Paciorek returned to San Marino High School in 2006, serving two years as an assistant to CIF Hall of Fame baseball Coach Mickey McNamee. He was named head coach in 2008 upon McNamee’s retirement.
“Mickey built a dynasty in his 44 years,” said Paciorek. “It fell off due to a lot of factors but we had a chance to rebuild and I am proud of that.”
After a 5-year playoff absence, the Titans returned to post-season play in 2008, advancing to the 3rd round. San Marino won the Rio Hondo League championship in 2014 following an 18-year drought.
The past two seasons have been disappointing. In 2015, the Titans finished 2nd in the Rio Hondo League but dropped a first-round playoff contest to Garey in extra innings.
This past spring, San Marino was 13-15 overall and 5-7 in league action, missing the playoffs. Losing Cornell-bound pitcher Trevor Davis to an elbow injury at the beginning of the season certainly didn’t help matters.
“There is a time to move on and a time for the school to have a change at the top,” Paciorek said. “The things we have done at San Marino have been incredible. The community has been amazing. I learned a lot. There are so many people who have contributed to this program. I have had some detractors, but I am also very thankful for them, too. You can learn a lot from the people who are challenging what you do. It helps you grow. This is not a negative parting. I am ready to move on. I am not rushing off to look for another coaching job. I am focusing on the academy. It has taken off.”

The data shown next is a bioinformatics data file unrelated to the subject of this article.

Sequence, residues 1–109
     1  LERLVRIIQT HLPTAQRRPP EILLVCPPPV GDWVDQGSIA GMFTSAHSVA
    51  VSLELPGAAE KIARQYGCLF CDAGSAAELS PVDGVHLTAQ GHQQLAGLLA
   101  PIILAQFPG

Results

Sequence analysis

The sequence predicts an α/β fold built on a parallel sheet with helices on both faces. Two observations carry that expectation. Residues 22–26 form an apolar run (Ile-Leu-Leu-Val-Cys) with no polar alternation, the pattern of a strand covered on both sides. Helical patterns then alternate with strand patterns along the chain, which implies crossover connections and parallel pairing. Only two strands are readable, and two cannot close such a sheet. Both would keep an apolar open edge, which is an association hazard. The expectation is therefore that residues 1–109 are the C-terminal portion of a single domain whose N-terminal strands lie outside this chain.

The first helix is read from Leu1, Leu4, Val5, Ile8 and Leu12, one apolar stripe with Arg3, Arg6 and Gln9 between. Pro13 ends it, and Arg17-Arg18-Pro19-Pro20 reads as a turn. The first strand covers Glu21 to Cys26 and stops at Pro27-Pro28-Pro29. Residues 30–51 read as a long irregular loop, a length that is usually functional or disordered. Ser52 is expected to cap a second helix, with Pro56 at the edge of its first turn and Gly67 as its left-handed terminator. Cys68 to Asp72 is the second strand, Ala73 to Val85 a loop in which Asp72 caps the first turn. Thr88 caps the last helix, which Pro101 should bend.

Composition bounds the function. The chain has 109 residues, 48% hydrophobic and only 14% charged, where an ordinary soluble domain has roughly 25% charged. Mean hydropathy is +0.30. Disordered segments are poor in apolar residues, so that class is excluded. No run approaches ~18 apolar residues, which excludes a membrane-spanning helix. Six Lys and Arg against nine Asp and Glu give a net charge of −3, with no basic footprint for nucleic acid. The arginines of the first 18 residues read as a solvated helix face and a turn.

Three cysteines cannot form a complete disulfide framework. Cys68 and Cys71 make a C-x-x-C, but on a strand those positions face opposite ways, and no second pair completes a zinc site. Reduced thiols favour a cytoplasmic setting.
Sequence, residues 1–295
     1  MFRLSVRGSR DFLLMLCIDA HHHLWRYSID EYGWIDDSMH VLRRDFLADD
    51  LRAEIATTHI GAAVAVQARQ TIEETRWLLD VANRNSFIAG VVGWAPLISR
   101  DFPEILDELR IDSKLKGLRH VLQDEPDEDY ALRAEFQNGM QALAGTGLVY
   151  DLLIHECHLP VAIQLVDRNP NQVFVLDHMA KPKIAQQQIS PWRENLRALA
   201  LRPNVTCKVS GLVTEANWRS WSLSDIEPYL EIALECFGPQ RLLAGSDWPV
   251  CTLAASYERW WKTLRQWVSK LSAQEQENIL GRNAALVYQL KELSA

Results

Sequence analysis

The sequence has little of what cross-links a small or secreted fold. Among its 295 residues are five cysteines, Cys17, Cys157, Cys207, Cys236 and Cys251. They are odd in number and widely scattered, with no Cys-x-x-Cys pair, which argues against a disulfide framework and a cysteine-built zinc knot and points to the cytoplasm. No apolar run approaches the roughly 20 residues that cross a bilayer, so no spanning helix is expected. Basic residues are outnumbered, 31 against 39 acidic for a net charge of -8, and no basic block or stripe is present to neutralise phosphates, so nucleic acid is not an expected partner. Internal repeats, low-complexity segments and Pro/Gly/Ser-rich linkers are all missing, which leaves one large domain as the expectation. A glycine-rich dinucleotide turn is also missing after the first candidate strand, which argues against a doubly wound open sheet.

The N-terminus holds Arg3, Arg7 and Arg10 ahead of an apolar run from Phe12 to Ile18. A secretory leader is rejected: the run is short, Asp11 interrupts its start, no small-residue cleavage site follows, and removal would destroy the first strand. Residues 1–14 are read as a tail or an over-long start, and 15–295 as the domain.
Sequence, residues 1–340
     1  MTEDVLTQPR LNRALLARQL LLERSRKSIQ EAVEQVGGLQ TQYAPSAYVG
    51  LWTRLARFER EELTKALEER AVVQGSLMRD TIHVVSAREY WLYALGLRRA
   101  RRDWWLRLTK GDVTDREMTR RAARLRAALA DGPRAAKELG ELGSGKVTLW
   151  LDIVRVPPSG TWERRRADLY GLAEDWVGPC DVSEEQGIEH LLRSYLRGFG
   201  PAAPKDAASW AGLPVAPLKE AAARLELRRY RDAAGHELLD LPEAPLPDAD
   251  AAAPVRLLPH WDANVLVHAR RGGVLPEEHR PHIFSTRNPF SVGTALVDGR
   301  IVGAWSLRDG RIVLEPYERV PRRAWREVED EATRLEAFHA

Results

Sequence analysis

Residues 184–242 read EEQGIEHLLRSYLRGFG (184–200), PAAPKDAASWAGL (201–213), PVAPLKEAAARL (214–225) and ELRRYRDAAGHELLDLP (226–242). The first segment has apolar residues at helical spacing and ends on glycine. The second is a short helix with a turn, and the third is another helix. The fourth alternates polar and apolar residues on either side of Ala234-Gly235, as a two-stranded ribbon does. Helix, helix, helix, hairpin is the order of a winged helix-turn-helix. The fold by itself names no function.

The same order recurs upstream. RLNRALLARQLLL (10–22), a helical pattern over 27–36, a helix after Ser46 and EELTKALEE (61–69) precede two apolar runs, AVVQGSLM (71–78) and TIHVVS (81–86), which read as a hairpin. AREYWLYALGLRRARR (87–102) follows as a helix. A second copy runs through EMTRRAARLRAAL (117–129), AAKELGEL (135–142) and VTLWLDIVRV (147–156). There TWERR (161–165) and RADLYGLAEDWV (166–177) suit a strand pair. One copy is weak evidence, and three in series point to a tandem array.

Paciorek said he is “most proud” of bringing back respect to the program “from an outward perspective.”
“Just playing a part in rebuilding what was a great dynasty,” he said. “I am proud that we could year in and year out put competitive teams on the field. I am most proud to maximize our talent, whether that means a kid goes on to play in college or not.”
When asked to do so, Paciorek mentioned the names of more than 30 former Titans who advanced to the college baseball ranks during his tenure.
“For a small school like San Marino with a large focus on academics, it’s nice to see so many move on,” he said.
Among his personal highlights was the recent drafting of pitcher Jeff Bain, a solid career at the United States Air Force Academy by third baseman Bradley Haslam that included a challenge to the all-time successive games hitting streak, pitching success at UC Irvine by lefthander Miles Glazier and Matt Forgatch’s memorable appearance on ESPN Sportscenter after a walk-off grand slam while playing at Pepperdine.
“But also seeing several kids overachieve, whether they made it to the next level or not,” he added.
Paciorek made it a point to encourage his players to help with charities and sponsored several games and events to that end. One more memorable such event brought more than twenty underprivileged children to McNamee Field in May, 2015, to watch the Titans, play a game on the field and enjoy a postgame barbecue.
“There are so many amazing kids in this town and they were so willing whenever we had an opportunity,” said Paciorek. “It was nice to help other young people, but it was also a way for our kids to see that there is something bigger than a bad test score or a bad game.
I am so proud of how our kids handled those moments.”